For some, Robinson was punished not for bigotry but for embarrassing the ECB. As Michael Vaughan, the former England captain and commentator, observed, it was astonishing that English cricket’s governing body didn’t do due diligence before employing players to represent the country. Ironically, the ECB’s embarrassment was compounded by its attempt to deflect criticism for the English team no longer taking the knee. In a photo-op just before play began, England’s players committed themselves, in suitably captioned T-shirts, to a whole menu of resolutions intended to make English cricket more inclusive. Ambushed by Robinson’s youthful ‘indiscretions’ on the same day as its ‘Moment of Unity’ campaign against racism, sexism and religious intolerance was launched, the ECB was left looking for a public sacrifice and Robinson was the obvious candidate.

Michael Holding, the great West Indian fast bowler and expert commentator who had caught the public imagination in July 2020 for a passionate, spur-of-the-moment monologue about racism and discrimination during a rain delay, said that the ECB had done the right thing by suspending Robinson from international cricket while it investigated his record in the years since those tweets. But he wanted the investigation to be swift so that the suspension could be revoked if it found that Robinson hadn’t re-offended. He argued that people deserved a second chance especially if their offences were old ones.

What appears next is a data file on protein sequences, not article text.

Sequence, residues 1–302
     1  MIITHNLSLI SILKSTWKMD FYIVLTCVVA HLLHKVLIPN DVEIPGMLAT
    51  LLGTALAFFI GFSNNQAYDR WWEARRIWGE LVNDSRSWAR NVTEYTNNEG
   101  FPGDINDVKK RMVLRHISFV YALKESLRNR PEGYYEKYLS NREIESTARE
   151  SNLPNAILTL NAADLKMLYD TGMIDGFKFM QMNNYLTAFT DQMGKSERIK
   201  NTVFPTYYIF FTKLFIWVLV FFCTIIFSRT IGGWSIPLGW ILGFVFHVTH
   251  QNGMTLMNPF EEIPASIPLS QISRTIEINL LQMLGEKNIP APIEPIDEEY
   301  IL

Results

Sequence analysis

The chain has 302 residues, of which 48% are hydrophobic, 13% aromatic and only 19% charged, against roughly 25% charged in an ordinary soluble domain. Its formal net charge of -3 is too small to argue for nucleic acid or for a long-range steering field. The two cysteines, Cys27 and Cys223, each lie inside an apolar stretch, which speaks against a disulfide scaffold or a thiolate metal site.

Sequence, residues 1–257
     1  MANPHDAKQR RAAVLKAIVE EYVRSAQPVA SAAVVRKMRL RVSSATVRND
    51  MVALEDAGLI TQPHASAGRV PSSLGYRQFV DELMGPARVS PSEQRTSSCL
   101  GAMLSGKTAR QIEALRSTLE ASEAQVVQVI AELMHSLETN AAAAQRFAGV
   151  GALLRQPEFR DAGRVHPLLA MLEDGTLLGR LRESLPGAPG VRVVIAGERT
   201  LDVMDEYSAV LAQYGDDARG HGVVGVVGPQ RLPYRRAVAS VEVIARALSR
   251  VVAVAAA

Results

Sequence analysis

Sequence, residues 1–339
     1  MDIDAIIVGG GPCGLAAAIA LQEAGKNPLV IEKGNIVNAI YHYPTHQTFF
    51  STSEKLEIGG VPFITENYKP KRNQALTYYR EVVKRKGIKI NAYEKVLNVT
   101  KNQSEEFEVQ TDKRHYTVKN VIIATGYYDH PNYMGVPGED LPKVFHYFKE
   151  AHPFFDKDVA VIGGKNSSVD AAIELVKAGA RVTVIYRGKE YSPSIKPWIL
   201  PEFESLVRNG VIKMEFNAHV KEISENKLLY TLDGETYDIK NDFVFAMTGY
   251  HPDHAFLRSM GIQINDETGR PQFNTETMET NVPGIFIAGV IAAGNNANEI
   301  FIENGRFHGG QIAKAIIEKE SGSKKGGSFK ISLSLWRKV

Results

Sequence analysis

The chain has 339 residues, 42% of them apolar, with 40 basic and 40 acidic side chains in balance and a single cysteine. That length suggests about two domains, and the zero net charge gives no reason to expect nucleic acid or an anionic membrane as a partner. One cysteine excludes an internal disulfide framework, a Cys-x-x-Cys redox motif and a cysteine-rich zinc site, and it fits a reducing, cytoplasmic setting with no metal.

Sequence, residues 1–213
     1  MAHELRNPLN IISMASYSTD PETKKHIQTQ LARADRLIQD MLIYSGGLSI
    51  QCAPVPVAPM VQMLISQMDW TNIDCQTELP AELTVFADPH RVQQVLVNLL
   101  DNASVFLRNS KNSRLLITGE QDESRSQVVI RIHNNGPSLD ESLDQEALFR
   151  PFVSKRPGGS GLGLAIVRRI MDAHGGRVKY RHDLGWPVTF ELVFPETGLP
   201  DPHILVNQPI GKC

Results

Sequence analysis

Michael Carberry, a black cricketer who represented England in half-a-dozen Tests, was less forgiving. He said that if it were left to him, Robinson wouldn’t play Test cricket again. He thought Robinson’s apology was scripted and he felt that the only way of putting an end to chronic racism in sport was tougher sanctions. He thought symbolic gestures like sportsmen taking the knee were gimmicks that made no difference in the real world.

Carberry and Boris Johnson, coming from opposite ends of the argument, were sceptical of the value of taking a knee. Johnson criticized Robinson’s punishment as excessive, and he refused to criticize a section of English football fans for booing the national team during a home game for taking a knee. He said it was their democratic right to express their disapproval peacefully.